Referencing Groucho Marx’s famous story about how he wasn’t allowed into a country club that wouldn’t admit Jews, and then asked, “My daughter is only half Jewish, can she go in the pool up to her knees?” Waititi said, “That’s why comedy is so important. Through it, you can communicate with people in a way that drama can’t. You’re laughing at the truth, and the audience lets down their guard... you can convey a more powerful message that way.”
The film tells the story of a 10-year-old German boy (Roman Griffin Davis) who wants to fit in with Hitler Youth and asks his imaginary buddy Hitler for help, which gets confusing when he discovers that his mother (Scarlett Johansson) is hiding a teenage Jewish girl (Thomasin McKenzie) in their apartment.
“Most people wouldn’t want to identify with a German in World War II, but this is a 10-year-old boy’s version of Hitler. He’s a lonely boy, clinging on to anything he can to make his way in the world. There were millions of people in Hitler Youth.... People forget what it’s like to be a kid, that if you’re not part of the group, you’re going to be bullied and ostracized. Very few have the strength to stand up to pressure of being part of the group.”
While Jojo “is clinging on to something he doesn’t understand,” the discovery of the Jewish girl in his apartment, and later, as the Nazis begin to lose control, leads to the “disintegration of everything, of his belief system” and makes him begin to understand the Nazis’ deceit. This is clearly shown in the movie by Hitler gradually falling apart as Jojo’s questions unsettle him, which Waititi depicts through physical comedy as well as dialogue.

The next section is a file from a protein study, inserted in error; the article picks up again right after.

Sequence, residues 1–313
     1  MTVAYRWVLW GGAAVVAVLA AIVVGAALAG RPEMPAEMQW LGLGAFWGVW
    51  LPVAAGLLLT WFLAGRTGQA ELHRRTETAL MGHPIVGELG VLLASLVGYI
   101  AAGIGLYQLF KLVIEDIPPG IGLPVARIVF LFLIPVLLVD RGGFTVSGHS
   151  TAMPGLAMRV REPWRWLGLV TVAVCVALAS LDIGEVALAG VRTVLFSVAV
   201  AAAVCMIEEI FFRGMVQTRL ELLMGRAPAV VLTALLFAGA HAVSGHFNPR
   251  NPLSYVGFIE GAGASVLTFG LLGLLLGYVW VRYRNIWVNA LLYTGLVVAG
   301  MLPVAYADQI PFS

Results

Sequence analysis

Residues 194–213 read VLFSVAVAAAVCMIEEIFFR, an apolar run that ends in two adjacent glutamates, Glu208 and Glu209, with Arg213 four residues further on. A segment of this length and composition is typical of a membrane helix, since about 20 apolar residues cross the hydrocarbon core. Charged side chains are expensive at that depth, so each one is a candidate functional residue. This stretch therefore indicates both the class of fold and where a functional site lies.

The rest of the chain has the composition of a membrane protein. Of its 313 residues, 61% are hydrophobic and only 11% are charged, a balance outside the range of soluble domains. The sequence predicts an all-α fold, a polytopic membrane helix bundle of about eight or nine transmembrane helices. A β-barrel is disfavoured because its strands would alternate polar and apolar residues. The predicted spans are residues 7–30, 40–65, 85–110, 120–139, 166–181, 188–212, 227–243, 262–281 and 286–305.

So what was it like for a Jew to play Hitler?
“Unsurprisingly, I didn’t enjoy wearing the Hitler costume.... Usually my sets are warm and filled with laughter, but it was all tempered by this costume. It was very uncomfortable. You have to accept that.”
Although he knew Charlie Chaplin’s portrayal of a Hitler-esque tyrant in The Great Dictator and other movie Hitlers, “I didn’t actually watch any films about him. I looked at a few of the rallies, but I’ve seen enough of his work. I didn’t want to do an authentic depiction of him. The Hitler in Jojo can only know as much as a 10-year-old boy’s brain... I wanted it to feel like my own thing.”
Working with his young actors, Waititi trusted that their parents would help them with the delicate task of doing research for their roles. “Just like my mother thought it was important to tell me about the Holocaust, their parents talked to them.”
Although it might be tempting to see the film as a response to the recent rise in antisemitism and such events as the Charlottesville “Unite the Right” rally in which marchers shouted antisemitic slogans, Waititi said that he conceived of the film, an adaptation of a novel by Christine Leunens, all the way back in 2011.
“I just felt that it was a really important film to make,” he said. “I’m proud of it.”